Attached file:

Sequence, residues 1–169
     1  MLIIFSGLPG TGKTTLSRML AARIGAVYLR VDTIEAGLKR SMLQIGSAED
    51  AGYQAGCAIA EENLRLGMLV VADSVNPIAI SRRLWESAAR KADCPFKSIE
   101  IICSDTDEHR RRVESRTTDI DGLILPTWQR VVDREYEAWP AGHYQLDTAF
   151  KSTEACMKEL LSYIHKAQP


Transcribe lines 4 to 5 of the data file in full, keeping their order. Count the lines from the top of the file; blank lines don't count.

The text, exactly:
   101  IICSDTDEHR RRVESRTTDI DGLILPTWQR VVDREYEAWP AGHYQLDTAF
   151  KSTEACMKEL LSYIHKAQP